## Poster #207, Ground Motions

### 3D wave propagation simulations of the 2019 M7.1 Ridgecrest, CA, Earthquake

Poster Image:

#### Poster Presentation

2020 SCEC Annual Meeting, Poster #207, SCEC Contribution #10511 VIEW PDF

We performed 3D numerical wave propagation simulations for the July 6 2019 M7.1 Ridgecrest, CA earthquake in a 200 km by 300 km model domain. The purpose of this study is to use a state-of-the-art 3D simulation tool to reproduce the broadband ground motions recorded close to the source and the greater Los Angeles area to better understand how different parts of the model contribute to variability of broadband ground motions. We present the results of preliminary calculations up to 1.5 Hz with 500 m/s minimum shear wave velocity.

The calculations were carried out on ORNL Summit using the newest version of the GPU-enabled AWP which enables calculations with surface topography on... curvilinear grids (O'Reilly et al., 2019). We used the velocity and density information from the SCEC UCVM model CVM-S4.26.M01 that has built-in geotechnical layers (Small et al., 2017), with a velocity-dependent anelastic attenuation model (Qs=0.05Vs, Qp=2Qs). The 3-segment finite-fault source was generated by a kinematic rupture generator (Graves & Pitarka, 2016). We used different metrics to examine the spatial variation of ground motion, including peak ground velocity (PGV), cumulative kinetic energy, and duration of shaking. The values and spatial pattern of PGV predicted by the simulations both with and without surface topography are generally in good agreement with data, where the topographic scattering reduces the PGV by 6% on average. This indicates that the surface topography did not largely alter the peak ground velocity significantly for frequencies below 1.5 Hz. Our simulations also show that surface topography can prolong the duration of shaking due to additional scattered waves generated at the free surface and bring the predicted durations closer to the observed values. While the simulations generally reproduce most features in the spatial pattern of the cumulative kinetic energy, both models with and without topography tend to underpredict the values. We plan to further investigate the effects of small-scale heterogeneities in the medium and the sensitivity to the rupture model within the current frequency range. As we move toward higher frequencies, more investigations will be conducted for the combined effects of small-scale heterogeneities and the power-law exponent of the frequency-dependent anelastic attenuation, Q(f).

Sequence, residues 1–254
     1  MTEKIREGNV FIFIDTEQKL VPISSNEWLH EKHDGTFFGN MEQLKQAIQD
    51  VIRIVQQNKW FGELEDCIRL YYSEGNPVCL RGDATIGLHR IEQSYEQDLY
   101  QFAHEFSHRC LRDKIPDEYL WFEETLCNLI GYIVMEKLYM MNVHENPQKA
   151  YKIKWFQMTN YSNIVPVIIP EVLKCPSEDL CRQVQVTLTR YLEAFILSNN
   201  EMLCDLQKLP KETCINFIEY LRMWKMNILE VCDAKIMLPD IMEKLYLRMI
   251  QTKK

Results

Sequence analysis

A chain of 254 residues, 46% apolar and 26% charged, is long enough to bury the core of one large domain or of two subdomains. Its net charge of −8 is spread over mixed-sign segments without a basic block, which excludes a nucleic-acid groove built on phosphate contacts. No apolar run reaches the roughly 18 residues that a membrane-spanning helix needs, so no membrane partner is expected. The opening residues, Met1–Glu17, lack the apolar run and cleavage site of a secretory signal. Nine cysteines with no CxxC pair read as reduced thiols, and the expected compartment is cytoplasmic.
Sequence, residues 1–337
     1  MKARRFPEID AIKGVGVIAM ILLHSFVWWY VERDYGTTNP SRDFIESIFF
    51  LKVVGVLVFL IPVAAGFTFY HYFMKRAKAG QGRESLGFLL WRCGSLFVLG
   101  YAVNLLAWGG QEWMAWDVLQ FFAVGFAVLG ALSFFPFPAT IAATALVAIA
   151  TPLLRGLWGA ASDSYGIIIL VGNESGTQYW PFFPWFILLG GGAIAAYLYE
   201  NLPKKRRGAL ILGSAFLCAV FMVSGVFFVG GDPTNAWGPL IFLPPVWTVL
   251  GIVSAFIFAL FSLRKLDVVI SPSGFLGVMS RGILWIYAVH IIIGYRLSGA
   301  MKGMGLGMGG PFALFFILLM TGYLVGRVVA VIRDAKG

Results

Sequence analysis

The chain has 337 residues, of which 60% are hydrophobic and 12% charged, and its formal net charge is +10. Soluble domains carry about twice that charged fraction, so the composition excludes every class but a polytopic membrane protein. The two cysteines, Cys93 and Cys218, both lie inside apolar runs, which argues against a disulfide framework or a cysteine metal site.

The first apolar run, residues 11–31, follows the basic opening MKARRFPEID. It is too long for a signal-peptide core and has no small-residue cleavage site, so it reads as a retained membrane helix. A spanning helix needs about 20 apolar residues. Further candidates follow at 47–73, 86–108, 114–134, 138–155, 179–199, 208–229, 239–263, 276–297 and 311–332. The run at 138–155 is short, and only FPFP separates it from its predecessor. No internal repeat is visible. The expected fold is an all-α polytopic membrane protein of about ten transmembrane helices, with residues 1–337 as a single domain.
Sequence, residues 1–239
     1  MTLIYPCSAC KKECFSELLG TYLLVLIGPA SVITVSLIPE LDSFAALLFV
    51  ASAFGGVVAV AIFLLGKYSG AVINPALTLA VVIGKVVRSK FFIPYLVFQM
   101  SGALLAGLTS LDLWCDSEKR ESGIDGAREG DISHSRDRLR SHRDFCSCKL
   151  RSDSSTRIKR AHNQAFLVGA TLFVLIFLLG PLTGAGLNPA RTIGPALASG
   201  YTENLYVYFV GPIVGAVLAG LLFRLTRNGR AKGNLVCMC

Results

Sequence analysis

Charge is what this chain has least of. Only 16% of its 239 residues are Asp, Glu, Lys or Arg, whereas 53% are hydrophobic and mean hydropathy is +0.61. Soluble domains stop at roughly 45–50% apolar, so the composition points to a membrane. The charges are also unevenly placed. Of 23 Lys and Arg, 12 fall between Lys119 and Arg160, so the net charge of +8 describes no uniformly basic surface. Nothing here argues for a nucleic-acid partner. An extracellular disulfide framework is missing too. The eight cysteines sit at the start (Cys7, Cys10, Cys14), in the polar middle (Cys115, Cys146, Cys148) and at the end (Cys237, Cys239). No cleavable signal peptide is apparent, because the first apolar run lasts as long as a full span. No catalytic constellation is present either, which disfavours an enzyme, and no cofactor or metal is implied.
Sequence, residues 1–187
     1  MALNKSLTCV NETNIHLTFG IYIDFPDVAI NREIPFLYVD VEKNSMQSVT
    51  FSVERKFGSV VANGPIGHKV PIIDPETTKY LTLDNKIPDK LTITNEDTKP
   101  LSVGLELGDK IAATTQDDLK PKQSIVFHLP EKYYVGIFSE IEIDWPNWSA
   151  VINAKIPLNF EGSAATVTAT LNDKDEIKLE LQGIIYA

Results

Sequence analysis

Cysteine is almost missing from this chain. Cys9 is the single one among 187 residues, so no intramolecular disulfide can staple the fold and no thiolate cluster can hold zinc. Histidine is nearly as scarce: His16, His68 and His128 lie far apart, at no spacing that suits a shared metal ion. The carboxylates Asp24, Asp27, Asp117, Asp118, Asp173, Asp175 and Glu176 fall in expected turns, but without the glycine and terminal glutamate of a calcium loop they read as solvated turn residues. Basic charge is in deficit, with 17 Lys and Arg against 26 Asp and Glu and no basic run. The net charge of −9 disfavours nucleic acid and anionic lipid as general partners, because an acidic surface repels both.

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The calculations were carried out on ORNL Summit using the newest version of the GPU-enabled AWP which enables calculations with surface topography on... curvilinear grids (O'Reilly et al., 2019). We used the velocity and density information from the SCEC UCVM model CVM-S4.26.M01 that has built-in geotechnical layers (Small et al., 2017), with a velocity-dependent anelastic attenuation model (Qs=0.05Vs, Qp=2Qs). The 3-segment finite-fault source was generated by a kinematic rupture generator (Graves & Pitarka, 2016). We used different metrics to examine the spatial variation of ground motion, including peak ground velocity (PGV), cumulative kinetic energy, and duration of shaking. The values and spatial pattern of PGV predicted by the simulations both with and without surface topography are generally in good agreement with data, where the topographic scattering reduces the PGV by 6% on average. This indicates that the surface topography did not largely alter the peak ground velocity significantly for frequencies below 1.5 Hz. Our simulations also show that surface topography can prolong the duration of shaking due to additional scattered waves generated at the free surface and bring the predicted durations closer to the observed values. While the simulations generally reproduce most features in the spatial pattern of the cumulative kinetic energy, both models with and without topography tend to underpredict the values. We plan to further investigate the effects of small-scale heterogeneities in the medium and the sensitivity to the rupture model within the current frequency range. As we move toward higher frequencies, more investigations will be conducted for the combined effects of small-scale heterogeneities and the power-law exponent of the frequency-dependent anelastic attenuation, Q(f).

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